and then comparing them with the texts translated into Portuguese. the popularity of his works. however. have thereby gained power over them” (3). and themes of the original poems. considering the form. it can prepare the way for more comprehensive work in English. Fame is about power—a power revealed in influence. literature. Neither work is comprehensive. and the fans that worshiped him. style. Hours of Idleness. “In great part the history of fame is the history of the changing ways by which individuals have sought to bring themselves to the attention of others and. . In his very first publication. .textual evaluation and analysis of many translations of Byron.3 While the scope of this thesis is far too narrow to be exhaustive. like Barbosa’s research into the translations. Byron demonstrates his desire for personal fame. as Barbosa writes. Theoretical Approach The evidence of Byron’s influence in Brazil (and in Portugal as a precursor) sets the stage for a theoretical examination of the function of Byron’s image in relationship to the popularity of his works. and person. It stands. is ultimately about the exchange of power among culture. as a preliminary study. Both authors’ perspectives are invaluable to this study since A Escola presents a perspective on Byron’s fabled celebrity image and Traduções presents a strict textual perspective on his works. In “A Fragment” Byron speculates on the nature of his future renown: 5 . that intends to start the snowball rolling and open the way for a more complete study of the influence properly stated” (Barbosa 28). The goal of this thesis is to analyze the negotiation between the two and the culture that empowers them. “This book is not yet that so anticipated work about the influence of Byron in Brazilan Romanticism. As Leo Braudy writes in The Frenzy of Renown. . An analysis of the relationship between Byron’s fame. not incidentally.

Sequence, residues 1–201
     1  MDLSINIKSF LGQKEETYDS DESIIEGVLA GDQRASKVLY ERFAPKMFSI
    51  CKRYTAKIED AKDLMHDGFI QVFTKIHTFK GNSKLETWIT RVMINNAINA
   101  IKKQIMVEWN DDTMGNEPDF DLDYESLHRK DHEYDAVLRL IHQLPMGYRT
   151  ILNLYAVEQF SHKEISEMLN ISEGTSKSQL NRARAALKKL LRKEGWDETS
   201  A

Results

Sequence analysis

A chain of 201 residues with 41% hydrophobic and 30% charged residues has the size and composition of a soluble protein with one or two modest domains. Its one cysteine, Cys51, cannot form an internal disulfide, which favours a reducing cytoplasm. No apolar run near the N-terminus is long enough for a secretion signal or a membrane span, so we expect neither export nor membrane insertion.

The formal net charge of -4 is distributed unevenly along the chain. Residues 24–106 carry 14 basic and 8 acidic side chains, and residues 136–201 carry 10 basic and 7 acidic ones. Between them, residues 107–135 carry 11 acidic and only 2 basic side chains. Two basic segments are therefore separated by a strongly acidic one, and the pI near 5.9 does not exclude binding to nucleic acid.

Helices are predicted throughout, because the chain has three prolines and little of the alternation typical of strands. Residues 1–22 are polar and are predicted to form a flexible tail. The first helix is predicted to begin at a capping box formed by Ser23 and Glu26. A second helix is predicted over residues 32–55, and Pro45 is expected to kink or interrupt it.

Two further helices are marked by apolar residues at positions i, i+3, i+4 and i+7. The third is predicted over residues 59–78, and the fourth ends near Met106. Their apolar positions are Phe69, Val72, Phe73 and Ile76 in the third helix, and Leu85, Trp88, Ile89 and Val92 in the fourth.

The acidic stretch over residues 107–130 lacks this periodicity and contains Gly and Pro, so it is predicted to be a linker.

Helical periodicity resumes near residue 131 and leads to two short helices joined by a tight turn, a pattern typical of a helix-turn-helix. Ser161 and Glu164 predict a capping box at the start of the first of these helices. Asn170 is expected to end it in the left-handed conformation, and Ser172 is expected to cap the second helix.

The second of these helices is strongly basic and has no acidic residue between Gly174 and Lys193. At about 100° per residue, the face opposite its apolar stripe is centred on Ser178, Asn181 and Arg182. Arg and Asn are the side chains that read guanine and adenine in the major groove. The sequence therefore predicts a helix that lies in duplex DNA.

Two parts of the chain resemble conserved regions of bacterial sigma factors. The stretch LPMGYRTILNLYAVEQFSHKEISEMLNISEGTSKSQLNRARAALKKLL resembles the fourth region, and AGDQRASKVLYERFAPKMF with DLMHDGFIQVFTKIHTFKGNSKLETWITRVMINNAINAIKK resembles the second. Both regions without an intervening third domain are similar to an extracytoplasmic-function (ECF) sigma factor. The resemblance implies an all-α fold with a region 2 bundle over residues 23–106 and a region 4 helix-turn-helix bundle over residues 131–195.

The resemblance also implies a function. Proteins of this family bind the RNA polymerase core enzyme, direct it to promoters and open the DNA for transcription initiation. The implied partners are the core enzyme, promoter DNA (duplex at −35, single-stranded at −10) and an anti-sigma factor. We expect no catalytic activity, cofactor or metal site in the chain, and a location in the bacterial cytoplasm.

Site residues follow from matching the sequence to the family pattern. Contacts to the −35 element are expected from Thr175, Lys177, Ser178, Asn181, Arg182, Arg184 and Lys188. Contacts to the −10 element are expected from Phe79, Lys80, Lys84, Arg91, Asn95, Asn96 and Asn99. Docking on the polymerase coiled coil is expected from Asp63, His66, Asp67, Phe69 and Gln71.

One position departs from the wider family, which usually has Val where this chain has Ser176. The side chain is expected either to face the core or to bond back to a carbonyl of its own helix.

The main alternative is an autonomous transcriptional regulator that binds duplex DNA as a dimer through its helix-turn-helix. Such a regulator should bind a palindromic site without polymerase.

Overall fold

No lengthen’d scroll, no praise-encumber’d stone; My epitaph shall be my name alone; If that with honour fail to crown my clay, Oh may no other fame my deeds repay! That, only that, shall single out the spot; By that remember’d, or with that forgot. (1.7–12) By publishing Hours of Idleness, Byron begins to court the fame by which he hopes to be remembered. Henry Brougham, of the Edinburgh Review, however, accused Byron of using his name—his aristocratic title—to garnish public interest for a collection of poems without “one thought, either in a little degree different from the ideas of former writers, or differently expressed” (qtd. in Christensen 21). From the very outset of his poetic career, Byron’s name, even as an initially small reservoir of influence, plays an important role in the popularization of his texts.4 By the time Byron’s texts invaded the Continent, and the Americas, Byron’s personal fame was much more influential. In the forward to Gordon Thomas’s Lord Byron’s Iberian Pilgrimage, Portuguese critic Edgard Santos Mattos writes, “The fascination produced by the Bohemian lives of the English Romantic poets of the past century, especially in Latin nations and minds, has always amazed even the most steadfast admirers of those poets.” Lord Byron and his compatriots “managed perhaps more by the events of their daily lives than by their literary works to capture and to retain the astonished admiration of generation after generation” (preface, Thomas ix). In the Portuguese speaking world especially, first in Portugal and then Brazil, Mattos’s statement proves true. Whether reacting to Byron’s personal visit to Portugal or the ubiquitous repetition of his image in Brazil, translations of his works and references to his character printed in both Portugal and Brazil use their notions of Byron’s personal life and character as an alembic for his works. 6